• The Ultimate Ears are amazing. With these custom-made headphones the external signals will be reduced by up to 26 dB and the three drivers can also handle very complex and dynamic signals without any problems. This high quality costs you a good EUR 1,000.

(2) A good transmission (wired or wireless)

Now we need a reliable transmission to bring a signal to the musician’s headphones. As with the headphones there are a couple of options for different budgets. We create a mix on our sound board for the band – which I will explain in a second – and now we need to get it transmitted to their headphones.

Basically there are two options:

  • Wired transmission
  • Transmission over the air

Wired transmission

With a wired transmission you connect a headphone amplifier at the output of your mixer and plug your headphones into it.

Pros:

  • Great quality
  • Cheap solution

Cons:

  • More cables
  • More setup time
  • A bit uncomfortable
  • More visible cables to the audience

The Fischer Amps Mini Bodypack 2, for example, is a version of it. This device can be easily attached to the belt, the signal is sent to the device via an XLR cable and the headphones are connected via the mini jack output. The device costs less than 60 EUR and is therefore excellently suitable for a slim budget.

Transmission over the air

The second option is to transmit the monitor signal wireless over the air. The musician or singer has a body pack on her belt which receives the signal via an antenna from a transmitter which is setup on stage or near the sound board.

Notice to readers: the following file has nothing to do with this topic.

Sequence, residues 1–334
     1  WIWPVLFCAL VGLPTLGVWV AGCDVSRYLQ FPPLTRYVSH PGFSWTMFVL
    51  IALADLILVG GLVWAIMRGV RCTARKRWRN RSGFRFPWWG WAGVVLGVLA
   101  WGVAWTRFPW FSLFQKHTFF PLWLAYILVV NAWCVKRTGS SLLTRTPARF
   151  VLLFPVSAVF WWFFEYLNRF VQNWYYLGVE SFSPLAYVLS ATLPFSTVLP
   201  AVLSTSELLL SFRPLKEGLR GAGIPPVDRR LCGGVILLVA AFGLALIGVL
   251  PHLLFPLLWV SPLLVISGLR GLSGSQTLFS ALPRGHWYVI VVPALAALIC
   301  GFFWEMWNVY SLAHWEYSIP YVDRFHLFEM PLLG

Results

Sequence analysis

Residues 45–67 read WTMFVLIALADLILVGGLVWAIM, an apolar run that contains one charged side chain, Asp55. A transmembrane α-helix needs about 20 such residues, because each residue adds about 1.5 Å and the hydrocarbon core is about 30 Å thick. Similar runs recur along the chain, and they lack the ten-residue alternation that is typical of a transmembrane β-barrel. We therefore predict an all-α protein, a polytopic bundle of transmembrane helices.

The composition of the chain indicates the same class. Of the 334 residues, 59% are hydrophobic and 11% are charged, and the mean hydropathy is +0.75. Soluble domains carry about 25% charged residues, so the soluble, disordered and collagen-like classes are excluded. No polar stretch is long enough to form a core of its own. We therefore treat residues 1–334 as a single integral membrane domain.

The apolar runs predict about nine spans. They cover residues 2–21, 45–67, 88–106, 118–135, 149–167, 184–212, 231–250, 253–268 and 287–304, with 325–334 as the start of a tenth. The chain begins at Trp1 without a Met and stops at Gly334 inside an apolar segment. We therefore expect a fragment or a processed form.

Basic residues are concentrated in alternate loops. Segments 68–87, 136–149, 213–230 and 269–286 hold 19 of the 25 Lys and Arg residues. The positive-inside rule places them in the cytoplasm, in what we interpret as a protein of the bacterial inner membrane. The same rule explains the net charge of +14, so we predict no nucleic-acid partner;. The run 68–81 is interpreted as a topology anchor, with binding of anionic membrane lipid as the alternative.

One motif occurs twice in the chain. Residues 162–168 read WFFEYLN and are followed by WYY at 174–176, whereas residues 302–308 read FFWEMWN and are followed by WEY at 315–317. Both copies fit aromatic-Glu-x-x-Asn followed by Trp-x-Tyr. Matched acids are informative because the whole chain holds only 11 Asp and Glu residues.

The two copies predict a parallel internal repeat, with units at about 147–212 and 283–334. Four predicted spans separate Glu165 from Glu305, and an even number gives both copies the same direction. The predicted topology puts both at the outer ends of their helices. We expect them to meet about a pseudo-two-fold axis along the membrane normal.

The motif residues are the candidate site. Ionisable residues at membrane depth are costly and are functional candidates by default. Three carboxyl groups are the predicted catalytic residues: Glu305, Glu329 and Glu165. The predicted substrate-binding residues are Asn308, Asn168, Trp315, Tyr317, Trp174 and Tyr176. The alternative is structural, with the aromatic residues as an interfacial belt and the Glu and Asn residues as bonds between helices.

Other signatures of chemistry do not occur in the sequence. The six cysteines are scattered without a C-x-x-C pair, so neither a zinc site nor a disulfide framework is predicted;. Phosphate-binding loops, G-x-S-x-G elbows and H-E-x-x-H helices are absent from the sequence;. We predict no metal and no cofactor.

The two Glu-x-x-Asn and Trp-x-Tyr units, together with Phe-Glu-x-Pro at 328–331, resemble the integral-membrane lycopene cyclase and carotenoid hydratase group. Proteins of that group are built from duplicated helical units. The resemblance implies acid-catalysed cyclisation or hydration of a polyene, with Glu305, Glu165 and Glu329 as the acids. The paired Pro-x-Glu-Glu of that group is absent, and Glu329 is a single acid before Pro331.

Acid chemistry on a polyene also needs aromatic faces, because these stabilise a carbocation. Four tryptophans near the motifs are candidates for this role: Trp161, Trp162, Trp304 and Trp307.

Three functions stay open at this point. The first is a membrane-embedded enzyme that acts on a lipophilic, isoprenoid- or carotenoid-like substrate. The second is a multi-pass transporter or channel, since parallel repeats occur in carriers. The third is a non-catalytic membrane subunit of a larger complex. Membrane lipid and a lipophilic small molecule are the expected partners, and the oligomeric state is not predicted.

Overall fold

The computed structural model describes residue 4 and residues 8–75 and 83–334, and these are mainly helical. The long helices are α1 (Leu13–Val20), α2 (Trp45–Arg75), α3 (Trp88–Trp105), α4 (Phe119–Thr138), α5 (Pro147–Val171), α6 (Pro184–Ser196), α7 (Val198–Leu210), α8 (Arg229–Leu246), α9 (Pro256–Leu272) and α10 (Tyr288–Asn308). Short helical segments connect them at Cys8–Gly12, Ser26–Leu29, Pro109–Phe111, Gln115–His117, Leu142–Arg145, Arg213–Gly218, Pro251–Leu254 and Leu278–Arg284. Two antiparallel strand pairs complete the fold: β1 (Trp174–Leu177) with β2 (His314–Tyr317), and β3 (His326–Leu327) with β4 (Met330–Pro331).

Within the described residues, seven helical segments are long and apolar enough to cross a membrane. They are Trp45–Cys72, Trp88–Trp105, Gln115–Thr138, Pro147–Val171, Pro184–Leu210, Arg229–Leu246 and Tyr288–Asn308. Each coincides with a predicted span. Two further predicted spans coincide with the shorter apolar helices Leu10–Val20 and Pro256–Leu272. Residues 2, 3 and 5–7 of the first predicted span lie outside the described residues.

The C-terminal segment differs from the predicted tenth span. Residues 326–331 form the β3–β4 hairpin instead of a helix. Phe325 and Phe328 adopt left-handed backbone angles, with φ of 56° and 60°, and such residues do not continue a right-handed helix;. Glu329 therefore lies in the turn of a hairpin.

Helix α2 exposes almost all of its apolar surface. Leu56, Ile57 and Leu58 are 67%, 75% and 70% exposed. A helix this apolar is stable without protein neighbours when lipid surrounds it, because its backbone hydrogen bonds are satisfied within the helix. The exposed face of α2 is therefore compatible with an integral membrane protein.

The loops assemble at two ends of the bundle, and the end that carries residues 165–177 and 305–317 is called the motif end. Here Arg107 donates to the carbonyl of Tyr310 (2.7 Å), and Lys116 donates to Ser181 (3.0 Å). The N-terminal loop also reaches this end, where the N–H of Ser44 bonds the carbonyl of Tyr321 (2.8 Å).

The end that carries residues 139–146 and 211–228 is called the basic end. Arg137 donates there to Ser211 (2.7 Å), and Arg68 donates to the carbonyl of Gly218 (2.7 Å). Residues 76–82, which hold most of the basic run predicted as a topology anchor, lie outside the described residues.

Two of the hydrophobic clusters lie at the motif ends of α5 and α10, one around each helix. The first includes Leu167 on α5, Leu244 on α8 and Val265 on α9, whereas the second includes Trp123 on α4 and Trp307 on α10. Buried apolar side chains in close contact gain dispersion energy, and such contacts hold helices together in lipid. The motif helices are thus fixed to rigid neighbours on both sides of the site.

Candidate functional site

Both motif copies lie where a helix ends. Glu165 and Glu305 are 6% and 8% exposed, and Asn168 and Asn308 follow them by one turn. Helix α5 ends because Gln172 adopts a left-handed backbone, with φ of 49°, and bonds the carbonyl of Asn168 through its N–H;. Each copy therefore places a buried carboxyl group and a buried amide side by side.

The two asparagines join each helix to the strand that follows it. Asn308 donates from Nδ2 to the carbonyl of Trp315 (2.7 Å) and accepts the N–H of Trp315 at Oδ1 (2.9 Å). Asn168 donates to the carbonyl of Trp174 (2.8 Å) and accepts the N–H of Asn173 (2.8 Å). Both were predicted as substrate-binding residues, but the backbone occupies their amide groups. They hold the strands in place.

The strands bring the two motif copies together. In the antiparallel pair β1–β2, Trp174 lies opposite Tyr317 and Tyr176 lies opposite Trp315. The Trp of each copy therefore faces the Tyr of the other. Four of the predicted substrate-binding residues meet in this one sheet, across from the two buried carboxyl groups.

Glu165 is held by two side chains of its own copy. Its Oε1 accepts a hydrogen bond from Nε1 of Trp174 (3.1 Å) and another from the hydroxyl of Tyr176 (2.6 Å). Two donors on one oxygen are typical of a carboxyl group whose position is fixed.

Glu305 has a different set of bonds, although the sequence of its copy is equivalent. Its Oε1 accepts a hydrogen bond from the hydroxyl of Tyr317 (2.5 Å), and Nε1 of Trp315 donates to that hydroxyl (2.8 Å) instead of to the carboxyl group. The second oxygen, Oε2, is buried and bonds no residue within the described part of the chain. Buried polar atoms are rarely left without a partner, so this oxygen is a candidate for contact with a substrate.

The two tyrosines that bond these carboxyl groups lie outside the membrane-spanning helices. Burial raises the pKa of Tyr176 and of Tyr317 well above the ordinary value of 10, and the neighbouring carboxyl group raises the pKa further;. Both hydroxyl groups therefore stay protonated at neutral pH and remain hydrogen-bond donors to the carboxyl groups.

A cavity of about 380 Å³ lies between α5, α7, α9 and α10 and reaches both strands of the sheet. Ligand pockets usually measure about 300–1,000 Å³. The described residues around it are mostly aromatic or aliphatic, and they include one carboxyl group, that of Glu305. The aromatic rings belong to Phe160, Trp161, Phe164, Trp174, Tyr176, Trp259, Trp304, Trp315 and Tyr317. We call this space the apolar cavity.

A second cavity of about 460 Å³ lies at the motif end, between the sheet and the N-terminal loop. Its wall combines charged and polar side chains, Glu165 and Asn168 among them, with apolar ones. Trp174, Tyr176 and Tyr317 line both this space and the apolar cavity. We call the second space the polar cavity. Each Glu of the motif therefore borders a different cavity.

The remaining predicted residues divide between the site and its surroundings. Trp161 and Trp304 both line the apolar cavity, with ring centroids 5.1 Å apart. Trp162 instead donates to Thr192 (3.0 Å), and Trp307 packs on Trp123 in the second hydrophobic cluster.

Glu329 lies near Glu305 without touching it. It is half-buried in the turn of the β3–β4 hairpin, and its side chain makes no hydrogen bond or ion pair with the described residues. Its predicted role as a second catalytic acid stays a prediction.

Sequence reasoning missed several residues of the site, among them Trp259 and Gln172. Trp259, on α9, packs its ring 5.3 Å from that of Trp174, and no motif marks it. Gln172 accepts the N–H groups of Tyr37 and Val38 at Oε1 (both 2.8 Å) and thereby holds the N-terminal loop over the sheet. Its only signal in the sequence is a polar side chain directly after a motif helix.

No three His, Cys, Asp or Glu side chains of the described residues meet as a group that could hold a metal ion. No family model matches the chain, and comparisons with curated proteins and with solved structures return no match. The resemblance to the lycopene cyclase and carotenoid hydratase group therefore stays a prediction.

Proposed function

Pros:

  • Very comfortable
  • Once configured, quickly set up

Cons:

  • Way more expensive
  • Initial configuration complicated (frequencies, antennas)

With the use of radio links, the entire setup becomes much more complex. It is important to take care that the transmission frequencies used do not collide with other signals (e.g. 3G, 4G or Wifi). In many countries the frequencies are not freely available, but the use of certain frequencies must be registered and cost money.

The best quality is being experienced when the antennas of the transmission system and the body pack have constant visual connection. In most cases that is only achievable with extra antennas on the transmitters.

An example of a wireless In Ear system is the Sennheiser ew IEM G4 E-Band Set. Here comes a transmitter with one or two receivers. The E-band describes the transmission frequencies between 823 and 865 MHz. The set costs 1.300 EUR and is therefore much more expensive than a transmission via cable, but wireless systems are of course much more practical on stage. There is less to set up, the stage is tidier, there are fewer stumbling traps etc.. Each transmitter sends two signals. Either one receiver can be supplied with a stereo signal or two receivers each receive one of the two mono signals. The receiver is set to either the left or right channel.

The Sennheiser ew300 IEM Transmitter
The Sennheiser ew300 IEM Transmitter
Sennheiser EK 330 IEM Body Pack
Sennheiser EK 330 IEM Body Pack

(4) Create a great In Ear mix

The musicians now have great headphones and a wired or wireless signal transmission. Now we make sure they receive the best possible mix in their ears. I’m explaining how we do In Ear mixes at Saddleback Berlin in the following article:

Conclusion

When the band hears itself well, the quality of the music increases and distractions are reduced. The church can then tune in much better to the music and it is easier to get in touch with God. Our music should invite to it and the quality of the music has a certain influence on it. There are other important aspects to leading us into worship before God. Nevertheless, we must not wipe away the quality of music as unimportant.

Good monitoring will help the musicians and that will ultimately help the church. Let me know your thoughts on it and feel free to post a comment to let me know how you are doing monitoring in your church.